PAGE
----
• Apple's iOS operating system (run on the iPhone) and Microsoft's Windows Phone 7 are similarly modified for the mobile environment and mobile hardware architecture. For example, while iOS is derived from the Mac OS X desktop OS, common Mac OS X applications do not run natively on iOS. Specifically, iOS applications are developed through a standard developer's kit (“SDK”) to run within the “Cocoa Touch” runtime environment of iOS, which provides basic application infrastructure and support for key iOS features such as touch-based input, push notifications, and system services. Therefore, applications written for Mac OS X do not run on iOS without porting. In addition, it may be difficult to port Mac OS X applications to iOS because of differences between user libraries and/or application framework layers of the two OSs, and/or differences in system resources of the mobile and desktop hardware.
  • In one embodiment consistent with OS architecture 300, an Android mobile OS and a full Linux OS run independently and concurrently on a modified Android kernel. In this embodiment, the Android OS may be a modified Android distribution while the Linux OS (“Hydroid”) may be a modified Debian Linux desktop OS. FIGS. 4-6 illustrate Android mobile OS 430, Android kernel 520, and Hydroid OS 660 that may be employed in OS architecture 300 in more detail, according to various embodiments.
  • As illustrated in FIG. 4, Android OS 430 includes a set of C/C++ libraries in libraries layer 432 that are accessed through application framework layer 440. Libraries layer 432 includes the “bionic” system C library 439 that was developed specifically for Android to be smaller and faster than the “glibc” Linux C-library. Libraries layer 432 also includes inter-process communication (“IPC”) library 436, which includes the base classes for the “Binder” IPC mechanism of the Android OS. Binder was developed specifically for Android to allow communication between processes and services. Other libraries shown in libraries layer 432 in FIG. 4 include media libraries 435 that support recording and playback of media formats, surface manager 434 that managers access to the display subsystem and composites graphic layers from multiple applications, 2D and 3D graphics engines 438, and lightweight relational database engine 437. Other libraries that may be included in libraries layer 432 but are not pictured in FIG. 4 include bitmap and vector font rendering libraries, utilities libraries, browser tools (i.e., WebKit, etc.), and/or secure communication libraries (i.e., SSL, etc.).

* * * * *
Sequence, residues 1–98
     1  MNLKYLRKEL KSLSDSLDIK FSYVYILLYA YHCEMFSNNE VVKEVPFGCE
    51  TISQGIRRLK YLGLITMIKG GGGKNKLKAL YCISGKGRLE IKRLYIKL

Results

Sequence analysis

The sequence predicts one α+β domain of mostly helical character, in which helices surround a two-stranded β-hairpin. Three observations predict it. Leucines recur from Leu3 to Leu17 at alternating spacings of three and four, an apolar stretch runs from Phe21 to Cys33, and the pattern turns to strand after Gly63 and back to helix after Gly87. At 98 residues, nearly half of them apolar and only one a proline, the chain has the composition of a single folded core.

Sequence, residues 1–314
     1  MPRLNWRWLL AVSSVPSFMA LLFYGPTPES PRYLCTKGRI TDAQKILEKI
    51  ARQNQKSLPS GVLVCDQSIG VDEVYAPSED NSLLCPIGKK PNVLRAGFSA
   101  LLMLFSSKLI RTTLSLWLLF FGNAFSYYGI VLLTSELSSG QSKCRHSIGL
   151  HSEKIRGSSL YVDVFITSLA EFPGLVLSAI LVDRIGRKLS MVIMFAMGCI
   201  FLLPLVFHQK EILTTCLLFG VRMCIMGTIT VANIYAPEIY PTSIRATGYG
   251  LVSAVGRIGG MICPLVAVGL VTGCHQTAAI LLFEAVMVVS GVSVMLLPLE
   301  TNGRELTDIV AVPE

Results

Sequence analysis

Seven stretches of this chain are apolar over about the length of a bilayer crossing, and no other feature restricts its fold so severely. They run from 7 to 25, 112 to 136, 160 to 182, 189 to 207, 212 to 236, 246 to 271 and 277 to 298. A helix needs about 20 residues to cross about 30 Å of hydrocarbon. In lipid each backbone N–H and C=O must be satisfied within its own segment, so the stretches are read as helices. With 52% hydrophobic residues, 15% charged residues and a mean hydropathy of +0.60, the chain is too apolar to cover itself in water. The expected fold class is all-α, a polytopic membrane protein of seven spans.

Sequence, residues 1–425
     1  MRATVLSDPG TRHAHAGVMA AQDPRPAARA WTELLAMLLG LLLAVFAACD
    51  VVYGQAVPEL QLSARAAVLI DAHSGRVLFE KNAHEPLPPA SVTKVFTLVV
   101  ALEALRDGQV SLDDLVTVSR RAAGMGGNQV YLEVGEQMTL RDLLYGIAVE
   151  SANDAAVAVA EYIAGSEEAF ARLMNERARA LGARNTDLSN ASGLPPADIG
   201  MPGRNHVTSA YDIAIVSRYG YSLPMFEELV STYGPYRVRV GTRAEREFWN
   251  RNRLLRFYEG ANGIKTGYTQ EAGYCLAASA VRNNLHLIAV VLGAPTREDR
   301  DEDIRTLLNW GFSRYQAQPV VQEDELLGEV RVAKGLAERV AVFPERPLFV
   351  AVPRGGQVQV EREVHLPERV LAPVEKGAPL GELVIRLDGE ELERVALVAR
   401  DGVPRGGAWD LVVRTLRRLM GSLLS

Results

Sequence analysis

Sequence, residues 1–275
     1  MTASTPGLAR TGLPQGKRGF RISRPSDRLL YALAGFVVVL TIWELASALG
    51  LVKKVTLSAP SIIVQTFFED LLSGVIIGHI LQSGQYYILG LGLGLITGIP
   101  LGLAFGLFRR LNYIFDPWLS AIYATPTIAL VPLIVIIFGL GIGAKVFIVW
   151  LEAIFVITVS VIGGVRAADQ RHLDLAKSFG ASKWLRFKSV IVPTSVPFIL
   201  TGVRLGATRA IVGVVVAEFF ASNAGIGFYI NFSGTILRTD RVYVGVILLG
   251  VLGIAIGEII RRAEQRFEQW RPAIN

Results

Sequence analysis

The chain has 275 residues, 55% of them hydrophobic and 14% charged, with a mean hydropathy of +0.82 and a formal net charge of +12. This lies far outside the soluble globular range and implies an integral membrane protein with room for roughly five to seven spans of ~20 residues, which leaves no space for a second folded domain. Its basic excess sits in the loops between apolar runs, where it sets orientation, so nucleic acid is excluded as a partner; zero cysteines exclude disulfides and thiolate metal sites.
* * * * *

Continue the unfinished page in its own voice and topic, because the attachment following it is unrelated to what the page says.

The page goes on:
• Application framework layer 440 of Android OS 430 provides a development platform that allows developers to use components of the device hardware, access location information, run background services, set alarms, add notifications to the status bar, etc. Framework layer 440 also allows applications to publish their capabilities and make use of the published capabilities of other applications. Components of application framework layer 440 of Android mobile OS 430 include activity manager 441, resource manager 442, window manager 443, dock manager 444, hardware and system services 445, desktop monitor service 446, multi-display manager 447, and remote communication service 448. Other components that may be included in framework layer 440 of Android mobile OS 430 include a view system, telephony manager, package manager, location manager, and/or notification manager, among other managers and services.
  • Applications running on Android OS 430 run within the Dalvik virtual machine 431 in the Android runtime environment 433 on top of the Android object-oriented application framework. Dalvik virtual machine 431 is a register-based virtual machine, and runs a compact executable format that is designed to reduce memory usage and processing requirements. Applications running on Android OS 430 include home screen 451, email application 452, phone application 453, browser application 454, and/or other application(s) (“App(s)”) 455.
  • The Android OS graphics system uses a client/server model. A surface manager (“SurfaceFlinger”) is the graphics server and applications are the clients. SurfaceFlinger maintains a list of display ID's and keeps track of assigning applications to display ID's. In one embodiment, mobile computing device 110 has multiple touch screen displays 116. In this embodiment, display ID 0 is associated with one of the touch screen displays 116 and display ID 1 is associated with the other touch screen display 116. Display ID 2 is associated with both touch screen displays 116 (i.e., the application is displayed on both displays at the same time). Display ID's greater than 2 are virtual displays, meaning that they are not associated with a display physically present on mobile computing device hardware 112.
  • Graphics information for Android applications includes windows, views, and canvasses. Each window, view, and/or canvas is implemented with an underlying surface object. Surface objects are double-buffered (front and back buffers) and synchronized across processes for drawing. SurfaceFlinger maintains all surfaces in a shared memory pool which allows all processes within Android to access and draw into them without expensive copy operations and without using a server-side drawing protocol such as X-Windows. Applications always draw into the back buffer while SurfaceFlinger reads from the front buffer. SurfaceFlinger creates each surface object, maintains all surface objects, and also maintains a list of surface objects for each application. When the application finishes drawing in the back buffer, it posts an event to SurfaceFlinger, which swaps the back buffer to the front and queues the task of rendering the surface information to the frame buffer.